The various clinical presentations of spinal gout were described by Elgafy et al. in a review of 68 cases of spinal gout [9]. The most common clinical presentation was back pain, followed by spinal cord compression, spinal nerve root compression, fever, cranial nerve palsy, and atlantoaxial subluxation. The most common location of spinal gout involvement was the lumbar region (38 patients), followed by the thoracic region in 15 patients, and the cervical region in 15 patients. Clinicians usually suspected other conditions such as infections (epidural abscess, spondylodiscitis) or neoplasm before the diagnosis of spinal tophi was established either by fine-needle aspiration or biopsy or during surgery [10,11,12,13,14,15,16].

Although spinal gout was thought of as rare, it may be underdiagnosed. Only those with neurological symptoms and back pain will present and be investigated with or without surgical intervention. Other patients who are asymptomatic may not be diagnosed. Konatalapalli et al. [17] reviewed 92 patients with gout and 64 had undergone computed tomography (CT) of the spine for various reasons. Out of the 64 patients, nine had features of spinal gout. Spinal gout was diagnosed clinically in one patient. The same group later performed a cross-sectional study to determine the prevalence of spinal gout in patients with gouty arthritis and found that among the 48 patients, 35% had spinal erosions and/or tophi [18], and 15% had spinal tophi. All patients with spinal tophi had abnormal hand or feet radiographs. Konatalapalli et al. [18] found that extremity radiographs characteristic of gouty arthropathy correlated strongly with CT evidence of spinal gout. Duration of gout, presence of back pain, and level of serum uric acid level did not correlate with axial gout. Multiple sites may be affected in spinal gout: epidural space, intradural space, ligamentum flavum, discovertebral junction, the pedicles, facet joints, spinous processes, filum terminale, and neural foramina.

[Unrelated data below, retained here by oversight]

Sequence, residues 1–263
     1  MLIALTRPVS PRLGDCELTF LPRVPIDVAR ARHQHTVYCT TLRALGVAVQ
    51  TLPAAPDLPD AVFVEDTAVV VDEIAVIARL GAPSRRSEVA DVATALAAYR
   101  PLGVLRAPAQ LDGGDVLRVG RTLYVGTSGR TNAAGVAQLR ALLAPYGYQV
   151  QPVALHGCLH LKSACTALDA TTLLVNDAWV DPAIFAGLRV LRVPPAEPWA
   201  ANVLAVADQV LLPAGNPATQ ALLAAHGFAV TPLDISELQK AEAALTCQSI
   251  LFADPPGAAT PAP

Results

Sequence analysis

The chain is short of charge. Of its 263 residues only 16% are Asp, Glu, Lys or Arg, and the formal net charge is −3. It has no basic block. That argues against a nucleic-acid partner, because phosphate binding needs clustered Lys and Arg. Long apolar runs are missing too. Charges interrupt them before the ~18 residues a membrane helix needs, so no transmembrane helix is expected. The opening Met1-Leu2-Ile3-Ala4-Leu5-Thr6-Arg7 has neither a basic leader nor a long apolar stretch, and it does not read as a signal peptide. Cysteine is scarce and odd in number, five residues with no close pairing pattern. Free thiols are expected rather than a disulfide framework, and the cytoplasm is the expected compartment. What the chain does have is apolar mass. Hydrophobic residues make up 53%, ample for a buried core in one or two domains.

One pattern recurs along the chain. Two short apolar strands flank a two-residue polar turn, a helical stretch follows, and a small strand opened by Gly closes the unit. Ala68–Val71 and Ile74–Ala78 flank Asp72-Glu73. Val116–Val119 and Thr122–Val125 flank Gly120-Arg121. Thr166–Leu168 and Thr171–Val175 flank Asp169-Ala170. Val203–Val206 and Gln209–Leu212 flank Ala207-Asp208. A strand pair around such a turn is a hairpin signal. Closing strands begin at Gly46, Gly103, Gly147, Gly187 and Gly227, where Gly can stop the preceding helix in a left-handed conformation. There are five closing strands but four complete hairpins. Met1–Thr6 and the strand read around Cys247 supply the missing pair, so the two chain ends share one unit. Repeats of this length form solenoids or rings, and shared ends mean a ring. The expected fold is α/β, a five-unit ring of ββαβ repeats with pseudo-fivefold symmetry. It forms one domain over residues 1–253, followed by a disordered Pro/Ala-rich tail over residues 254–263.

Looking back at the spine radiograph of this patient, the L2 did show erosion with overhanging edge which could represent gouty arthropathy. There are no specific MR features of gouty arthritis or tophi. The commonly described MRI features of tophi are hypointense on T1WI, hyperintense on T2WI, and heterogeneously enhanced post contrast [19, 20]. Gouty arthritis can affect any part of the vertebrae [21] with various imaging features including spondylodiscitis, destructive arthritis, or even an epidural mass [22]. The enhancing epidural components mimic an epidural mass, which was also described by Wendling et al. [22] and Hou et al. [5]. Our patient demonstrated hypointensity on T1W1 which correlates with endplate sclerosis on the radiograph (Fig. 3) and heterogenous enhancement post contrast (Fig. 4). These findings are similar to an infective cause of spondylodiscitis.